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The end is nigh, and not only for our MoTs.

 

I’ve just been to register my Rover 2000 as a vehicle of historic interest. The DVLA have the paperwork, it’s taxed, and legally I may now drive it without needing to submit it for a prior MoT.

Marvellous. I have a fleet of twelve old cars, and as time goes by more and more will qualify not only for tax exemption but for MoT exemption. The circa £300 per car saving on tax and an MoT – assuming that no repairs are needed – will prove useful. And after all, they won’t need repairs come MoT time. We all look after our old cars, right? They all sail through first time. Right?

Except that my MoT tester often manages to pick up things I’ve missed – from lightly damaged gaiters through to dangerous balljoints (In my defence, you really can’t feel it in a Citroen XM). Some are failed, some are rectified at the test centre before a pass is issues. He’s a useful second pair of eyes – and while he knows my cars, he only really sees them once per year. And much like you never notice weight gain until you’re two stone heavier and your best jacket bursts a button, you never notice minor car issues as they deteriorate with time – not if you live with it every day. That means you’ll miss things – and your tester won’t.

That isn’t the scary side to this though. The tabloids have been full of scaremongers, noting that up to 117000 cars presently on SORN could be put back on the road without test. This is, theoretically, true – and with many, it won’t pose a problem. But the papers are inferring that cars kept SORN are off the road “for a reason” – and there are many, like my P6, that do need a lot of work to become fit for the Queen’s Highway. To take that car as an example, it needs a lot of welding, a good tune, and attention to the clutch and braking hydraulics. That’s before we consider any potentially perished hoses or blown bulbs which have been prompted by months parked round the back of my house in purgatory.

There are people who would take one look at it, decide it was shabby chic, and that there was nothing better than to take it for a little bimble up the road and back.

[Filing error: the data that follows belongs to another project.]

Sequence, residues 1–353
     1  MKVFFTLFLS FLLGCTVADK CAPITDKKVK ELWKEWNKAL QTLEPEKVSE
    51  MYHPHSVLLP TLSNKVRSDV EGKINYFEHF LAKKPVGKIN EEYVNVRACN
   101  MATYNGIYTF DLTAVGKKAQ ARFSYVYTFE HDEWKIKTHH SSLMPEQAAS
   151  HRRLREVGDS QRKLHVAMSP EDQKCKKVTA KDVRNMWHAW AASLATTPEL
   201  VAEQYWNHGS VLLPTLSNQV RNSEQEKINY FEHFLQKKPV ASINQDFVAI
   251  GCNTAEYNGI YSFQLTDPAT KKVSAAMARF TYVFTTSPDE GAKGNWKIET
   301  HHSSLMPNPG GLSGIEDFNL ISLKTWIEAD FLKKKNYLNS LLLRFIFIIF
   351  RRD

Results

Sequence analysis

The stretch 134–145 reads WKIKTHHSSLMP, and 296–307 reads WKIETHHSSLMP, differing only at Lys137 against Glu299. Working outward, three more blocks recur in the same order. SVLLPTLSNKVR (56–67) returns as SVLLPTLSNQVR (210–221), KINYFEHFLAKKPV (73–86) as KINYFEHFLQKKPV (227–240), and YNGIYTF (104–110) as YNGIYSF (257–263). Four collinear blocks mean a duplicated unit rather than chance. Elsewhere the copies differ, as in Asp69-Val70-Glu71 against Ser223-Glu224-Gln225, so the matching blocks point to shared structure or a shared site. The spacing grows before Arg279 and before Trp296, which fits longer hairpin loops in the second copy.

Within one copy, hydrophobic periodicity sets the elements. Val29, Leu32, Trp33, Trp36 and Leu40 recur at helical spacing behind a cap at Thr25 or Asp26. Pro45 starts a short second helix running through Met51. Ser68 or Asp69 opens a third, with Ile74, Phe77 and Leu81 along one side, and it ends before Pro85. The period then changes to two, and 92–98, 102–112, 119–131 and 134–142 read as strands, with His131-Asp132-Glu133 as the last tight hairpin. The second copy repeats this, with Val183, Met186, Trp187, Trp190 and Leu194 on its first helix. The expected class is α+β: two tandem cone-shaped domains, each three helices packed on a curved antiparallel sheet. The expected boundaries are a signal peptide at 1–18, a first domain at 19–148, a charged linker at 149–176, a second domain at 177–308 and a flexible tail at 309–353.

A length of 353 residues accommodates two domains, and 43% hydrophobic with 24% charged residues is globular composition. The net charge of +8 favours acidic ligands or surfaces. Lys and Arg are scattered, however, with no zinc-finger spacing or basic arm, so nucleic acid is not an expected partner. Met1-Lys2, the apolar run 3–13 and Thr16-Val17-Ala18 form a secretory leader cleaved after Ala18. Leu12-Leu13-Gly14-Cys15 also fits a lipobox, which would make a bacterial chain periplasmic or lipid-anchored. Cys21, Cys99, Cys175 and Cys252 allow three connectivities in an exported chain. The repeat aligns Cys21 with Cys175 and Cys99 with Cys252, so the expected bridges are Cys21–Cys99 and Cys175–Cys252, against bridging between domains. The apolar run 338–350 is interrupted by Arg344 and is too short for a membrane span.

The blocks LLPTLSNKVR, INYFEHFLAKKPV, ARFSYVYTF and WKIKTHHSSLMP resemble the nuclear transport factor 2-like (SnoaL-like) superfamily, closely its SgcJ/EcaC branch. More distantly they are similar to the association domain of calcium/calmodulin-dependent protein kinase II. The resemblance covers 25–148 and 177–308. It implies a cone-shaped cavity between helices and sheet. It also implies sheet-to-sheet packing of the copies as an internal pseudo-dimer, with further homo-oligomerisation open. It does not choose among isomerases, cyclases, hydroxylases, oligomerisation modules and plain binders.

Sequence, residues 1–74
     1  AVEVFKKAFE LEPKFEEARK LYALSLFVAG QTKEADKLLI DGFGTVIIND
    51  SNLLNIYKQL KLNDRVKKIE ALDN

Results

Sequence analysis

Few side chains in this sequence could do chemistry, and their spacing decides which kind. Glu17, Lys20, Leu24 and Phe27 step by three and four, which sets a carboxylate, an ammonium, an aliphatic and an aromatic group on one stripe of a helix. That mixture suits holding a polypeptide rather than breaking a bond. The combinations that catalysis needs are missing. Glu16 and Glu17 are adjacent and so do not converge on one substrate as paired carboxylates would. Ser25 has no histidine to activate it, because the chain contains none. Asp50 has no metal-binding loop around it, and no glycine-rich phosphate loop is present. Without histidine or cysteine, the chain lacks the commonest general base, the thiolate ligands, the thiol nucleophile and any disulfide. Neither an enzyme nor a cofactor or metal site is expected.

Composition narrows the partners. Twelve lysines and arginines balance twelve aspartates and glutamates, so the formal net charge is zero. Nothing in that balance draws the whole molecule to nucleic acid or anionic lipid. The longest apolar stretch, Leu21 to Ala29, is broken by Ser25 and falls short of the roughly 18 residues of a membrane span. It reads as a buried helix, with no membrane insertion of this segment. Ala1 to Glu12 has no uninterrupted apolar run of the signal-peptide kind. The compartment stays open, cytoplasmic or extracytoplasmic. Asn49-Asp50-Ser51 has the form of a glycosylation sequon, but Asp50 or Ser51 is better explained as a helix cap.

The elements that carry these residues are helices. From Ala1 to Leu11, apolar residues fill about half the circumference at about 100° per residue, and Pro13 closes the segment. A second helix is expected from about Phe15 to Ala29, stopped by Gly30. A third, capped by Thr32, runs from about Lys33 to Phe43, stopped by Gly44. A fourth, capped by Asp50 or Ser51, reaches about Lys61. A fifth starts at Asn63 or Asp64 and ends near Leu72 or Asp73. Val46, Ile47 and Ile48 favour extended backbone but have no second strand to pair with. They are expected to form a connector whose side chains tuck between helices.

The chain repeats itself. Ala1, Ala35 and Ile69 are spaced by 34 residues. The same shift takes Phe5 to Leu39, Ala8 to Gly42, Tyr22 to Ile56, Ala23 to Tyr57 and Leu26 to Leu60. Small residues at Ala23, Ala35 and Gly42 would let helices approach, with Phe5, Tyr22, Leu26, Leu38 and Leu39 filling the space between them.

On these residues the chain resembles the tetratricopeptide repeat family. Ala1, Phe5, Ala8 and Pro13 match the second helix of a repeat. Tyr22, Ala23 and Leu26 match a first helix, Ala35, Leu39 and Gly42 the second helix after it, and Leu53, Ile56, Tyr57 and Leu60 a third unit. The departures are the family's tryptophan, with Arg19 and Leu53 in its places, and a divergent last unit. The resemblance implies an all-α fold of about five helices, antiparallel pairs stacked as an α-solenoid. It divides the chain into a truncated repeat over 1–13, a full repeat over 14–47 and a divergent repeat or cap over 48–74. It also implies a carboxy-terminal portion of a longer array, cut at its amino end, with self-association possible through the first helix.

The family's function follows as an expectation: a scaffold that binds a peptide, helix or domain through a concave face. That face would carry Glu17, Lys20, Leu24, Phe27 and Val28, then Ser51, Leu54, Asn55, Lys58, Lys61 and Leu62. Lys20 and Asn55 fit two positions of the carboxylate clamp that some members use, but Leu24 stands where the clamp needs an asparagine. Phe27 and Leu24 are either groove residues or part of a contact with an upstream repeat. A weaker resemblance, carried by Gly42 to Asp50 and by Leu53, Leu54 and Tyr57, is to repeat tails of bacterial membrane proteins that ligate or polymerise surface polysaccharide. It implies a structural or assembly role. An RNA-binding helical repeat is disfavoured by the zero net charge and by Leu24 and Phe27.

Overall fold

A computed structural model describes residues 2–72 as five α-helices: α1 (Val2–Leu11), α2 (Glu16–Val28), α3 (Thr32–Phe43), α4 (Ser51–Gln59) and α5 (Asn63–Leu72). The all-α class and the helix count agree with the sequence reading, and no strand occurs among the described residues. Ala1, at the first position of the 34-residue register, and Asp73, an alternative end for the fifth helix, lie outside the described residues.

A little bimble that would end badly if the brakes failed and a pedestrian was killed.

I know that the letter of the law states that cars should be roadworthy at all times, and that the MoT is no proof of that. But the letter of the law also states that speeding is illegal, and almost 2 million fixed penalty notices issued in 2016 show that Britain’s motorists don’t really care. People are still going to wing it – to assume that they will be fine, because they won’t be the ones who get caught. Unless there’s a VOSA agent on every street corner, they’d probably be right too – I’ve driven some pretty disgusting looking vehicles and never attracted a single glance, so an MGA with freshly polished chromework is hardly going to arouse suspicion regardless of the size of its potential fuel leak.

Like it or not, the changes to MoT ruling are going to put dangerous cars on the road however much we want to believe otherwise. When the powers that be realise that this is an endemic issue that won’t go away, they’ll be faced with just two options. Reinstate the annual test, or put restrictions on classic car use. They won’t want to admit they got it wrong – especially with environment lobbyists breathing down their necks about the harmful impact that old cars have on the atmosphere, and the red-tops clamouring for a blanket ban on “dangerous” classics. That means restrictions in use are a near certainty.  It’s just how long we have left before they’re enforced.

The forty pieces of silver we’ve managed to keep in our pockets might feel like freedom now, relief from the harbingers of doom and the purveyors of the overzealous fail sheet. But will it feel like freedom if we’re stopped from driving our classics where and when we like? The man with the ramp and the rollers is our best defence against that dystopia.

 

 

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